Blackjack’s Influence on Pop Culture

Visit any casino, and one game that you will be almost guaranteed to find is blackjack. A beloved casino game that touts millions of players worldwide, blackjack has been heavily featured in many pop culture references. In fact, it is the most influential casino game in pop culture, second only to poker.

So, how did this simple card game manage to infiltrate pop culture and influence the masses? Read on as we find out!

History of Blackjack

History of Blackjack

Before examining how blackjack has influenced pop culture, let’s take a quick look at its origins. Many believe that the game originated in France sometime between the 16th and 17th centuries, as the writer Cervantes mentioned a similar game in his novel Don Quixote, which was published in two parts (in 1605 and 1615).

The French game was initially titled vingt-et-un, which translates to 21—the number famously belonging to the game.

Despite being around for so long, the game did not garner much attention. In fact, it was seen as just another casino game reserved for the elites of society. This was primarily because it was played by French royalty, such as King Louis XV’s girlfriend and notorious French emperor Napolean Bonapart.

Things changed in the 18th century when gambling houses began giving players special odds to attract them to play. At the same time, the game found its way across the ocean to the United States and other parts of Europe.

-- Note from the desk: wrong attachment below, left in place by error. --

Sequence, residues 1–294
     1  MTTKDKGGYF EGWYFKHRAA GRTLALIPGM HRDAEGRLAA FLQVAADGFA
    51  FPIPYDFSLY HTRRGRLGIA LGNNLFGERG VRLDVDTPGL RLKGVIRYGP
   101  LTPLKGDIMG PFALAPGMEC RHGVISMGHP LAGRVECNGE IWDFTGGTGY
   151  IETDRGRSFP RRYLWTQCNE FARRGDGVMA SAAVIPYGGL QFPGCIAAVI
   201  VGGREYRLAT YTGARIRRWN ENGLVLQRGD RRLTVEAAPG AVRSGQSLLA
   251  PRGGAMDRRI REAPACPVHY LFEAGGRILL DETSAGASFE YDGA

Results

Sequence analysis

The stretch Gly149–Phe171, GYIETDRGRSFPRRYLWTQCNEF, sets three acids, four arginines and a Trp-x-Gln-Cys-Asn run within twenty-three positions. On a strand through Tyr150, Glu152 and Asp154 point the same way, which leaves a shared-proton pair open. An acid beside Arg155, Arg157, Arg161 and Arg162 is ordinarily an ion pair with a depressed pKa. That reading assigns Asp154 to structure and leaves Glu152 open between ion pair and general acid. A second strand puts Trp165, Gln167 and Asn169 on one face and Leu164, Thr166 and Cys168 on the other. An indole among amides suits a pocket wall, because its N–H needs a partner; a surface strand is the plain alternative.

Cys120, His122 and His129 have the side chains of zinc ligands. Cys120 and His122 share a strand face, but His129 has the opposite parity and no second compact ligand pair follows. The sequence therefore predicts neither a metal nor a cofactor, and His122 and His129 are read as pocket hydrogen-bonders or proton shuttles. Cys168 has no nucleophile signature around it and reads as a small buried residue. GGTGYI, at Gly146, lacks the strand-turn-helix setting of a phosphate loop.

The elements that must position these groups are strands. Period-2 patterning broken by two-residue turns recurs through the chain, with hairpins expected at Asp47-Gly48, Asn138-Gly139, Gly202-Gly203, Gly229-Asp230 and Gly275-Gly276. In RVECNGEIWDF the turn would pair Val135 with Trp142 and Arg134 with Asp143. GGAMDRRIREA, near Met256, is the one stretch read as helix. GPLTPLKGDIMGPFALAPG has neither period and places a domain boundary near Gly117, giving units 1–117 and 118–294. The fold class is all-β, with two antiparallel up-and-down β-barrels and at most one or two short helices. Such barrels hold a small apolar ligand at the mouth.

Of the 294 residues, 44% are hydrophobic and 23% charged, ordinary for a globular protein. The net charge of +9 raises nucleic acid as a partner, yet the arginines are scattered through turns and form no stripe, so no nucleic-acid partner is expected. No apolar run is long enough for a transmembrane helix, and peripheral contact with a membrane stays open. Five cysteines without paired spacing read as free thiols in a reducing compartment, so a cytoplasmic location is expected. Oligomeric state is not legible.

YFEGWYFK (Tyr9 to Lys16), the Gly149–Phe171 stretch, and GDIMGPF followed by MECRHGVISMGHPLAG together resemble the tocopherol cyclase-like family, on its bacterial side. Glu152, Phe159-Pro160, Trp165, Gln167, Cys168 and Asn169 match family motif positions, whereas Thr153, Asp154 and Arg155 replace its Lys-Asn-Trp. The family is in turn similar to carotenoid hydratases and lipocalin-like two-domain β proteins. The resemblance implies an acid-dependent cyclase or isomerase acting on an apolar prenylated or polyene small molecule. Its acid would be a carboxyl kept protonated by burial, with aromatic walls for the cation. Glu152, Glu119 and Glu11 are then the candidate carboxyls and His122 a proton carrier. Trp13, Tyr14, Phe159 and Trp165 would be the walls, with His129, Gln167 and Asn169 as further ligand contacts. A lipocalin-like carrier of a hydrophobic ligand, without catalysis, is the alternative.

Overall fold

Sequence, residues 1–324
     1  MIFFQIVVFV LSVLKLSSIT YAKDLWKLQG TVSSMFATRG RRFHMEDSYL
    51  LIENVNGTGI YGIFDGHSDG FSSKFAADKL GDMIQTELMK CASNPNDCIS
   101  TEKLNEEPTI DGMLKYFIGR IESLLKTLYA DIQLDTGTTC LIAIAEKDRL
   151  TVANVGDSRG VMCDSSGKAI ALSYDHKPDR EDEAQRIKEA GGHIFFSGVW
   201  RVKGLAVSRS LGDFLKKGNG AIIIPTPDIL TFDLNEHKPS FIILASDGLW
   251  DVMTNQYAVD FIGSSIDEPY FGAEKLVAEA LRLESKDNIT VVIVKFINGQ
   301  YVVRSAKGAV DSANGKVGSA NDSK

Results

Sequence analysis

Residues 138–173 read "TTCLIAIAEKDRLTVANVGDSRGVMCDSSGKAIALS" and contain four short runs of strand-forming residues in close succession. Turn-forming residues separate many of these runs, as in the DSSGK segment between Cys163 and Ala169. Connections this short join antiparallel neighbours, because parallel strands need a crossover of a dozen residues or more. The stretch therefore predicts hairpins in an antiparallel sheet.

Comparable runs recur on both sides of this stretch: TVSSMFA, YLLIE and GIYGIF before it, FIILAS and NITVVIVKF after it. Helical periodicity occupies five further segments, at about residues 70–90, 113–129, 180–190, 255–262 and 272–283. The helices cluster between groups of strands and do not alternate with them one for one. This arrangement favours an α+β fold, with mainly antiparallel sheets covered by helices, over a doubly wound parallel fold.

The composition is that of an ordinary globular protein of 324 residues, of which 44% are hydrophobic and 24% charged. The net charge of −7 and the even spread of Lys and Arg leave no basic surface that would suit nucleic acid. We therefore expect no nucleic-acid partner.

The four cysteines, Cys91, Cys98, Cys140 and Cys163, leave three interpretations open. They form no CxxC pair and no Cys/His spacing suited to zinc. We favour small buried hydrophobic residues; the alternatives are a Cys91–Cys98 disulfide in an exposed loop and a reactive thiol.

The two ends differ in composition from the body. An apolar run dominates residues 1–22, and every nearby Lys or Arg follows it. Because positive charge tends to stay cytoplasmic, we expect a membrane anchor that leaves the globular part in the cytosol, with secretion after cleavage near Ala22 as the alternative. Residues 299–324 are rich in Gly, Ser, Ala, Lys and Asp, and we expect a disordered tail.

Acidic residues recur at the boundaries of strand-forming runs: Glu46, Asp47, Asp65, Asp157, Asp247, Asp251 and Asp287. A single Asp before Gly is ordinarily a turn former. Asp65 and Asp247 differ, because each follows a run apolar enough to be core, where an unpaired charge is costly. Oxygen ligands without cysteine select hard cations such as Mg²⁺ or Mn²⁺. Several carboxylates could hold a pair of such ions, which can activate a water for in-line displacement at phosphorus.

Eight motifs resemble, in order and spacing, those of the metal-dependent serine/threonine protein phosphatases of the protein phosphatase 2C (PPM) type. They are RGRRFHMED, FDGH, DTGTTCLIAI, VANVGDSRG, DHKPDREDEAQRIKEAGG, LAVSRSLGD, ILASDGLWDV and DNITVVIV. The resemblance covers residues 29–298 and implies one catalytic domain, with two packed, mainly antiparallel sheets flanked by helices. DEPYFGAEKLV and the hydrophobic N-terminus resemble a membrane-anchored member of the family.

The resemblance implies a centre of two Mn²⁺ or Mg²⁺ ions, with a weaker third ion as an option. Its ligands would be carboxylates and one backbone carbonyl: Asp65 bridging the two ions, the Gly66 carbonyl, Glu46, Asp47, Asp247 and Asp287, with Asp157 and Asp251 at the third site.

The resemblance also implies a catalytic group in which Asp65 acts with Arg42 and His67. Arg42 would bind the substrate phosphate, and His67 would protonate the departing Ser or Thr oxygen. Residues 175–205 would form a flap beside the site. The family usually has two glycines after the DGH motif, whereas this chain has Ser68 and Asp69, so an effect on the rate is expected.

These odds consisted of a bet with 10:1 odds of a player having what was called a blackjack. To get this, players would need the Jack of Spades or clubs (or a black jack) alongside an ace.

After seeing the masses swarming to the game, casinos opted to stop offering special bets—yet the name blackjack stuck, and it is what the game became known as internationally as it spread across countries.

The first legal blackjack game in the US took place in New Orleans at the start of the 18th century. While it is almost certain that illegal plays had been enjoyed in the country before this, there is no proof of these—as one would expect.

However, the game took off in 1931 when the state of Nevada was granted a gambling license. With the massive expansion of casinos in places like Reno and Las Vegas, the game was heavily featured in all new gambling locations.

This inclusion spurred the game’s popularity and has continued to do so as players do their best not to go bust. Nowadays, it is prominent in land-based casinos around the world and the many online casinos accessible from

Popularity in Pop Culture

Popularity in Pop Culture

There is no agreed-upon reason why blackjack has become popular in pop culture since the game exploded during the 18th century. While many other casino games have also been featured in pop culture, blackjack and poker are by far the most prominent.

Two main reasons circulate about why this is the case. The first is that blackjack was initially seen as a game for the elite, unlike poker, which was played far and wide. The game’s adoption by royals in France spurred on this belief and made it something commoners wanted to play.

Napoleon Bonapart also played a massive role in this belief by playing the game whenever he had a chance to, particularly at the end of a battle. However, he prohibited any of his troops from doing the same, claiming it would distract them. How’s that for hypocrisy?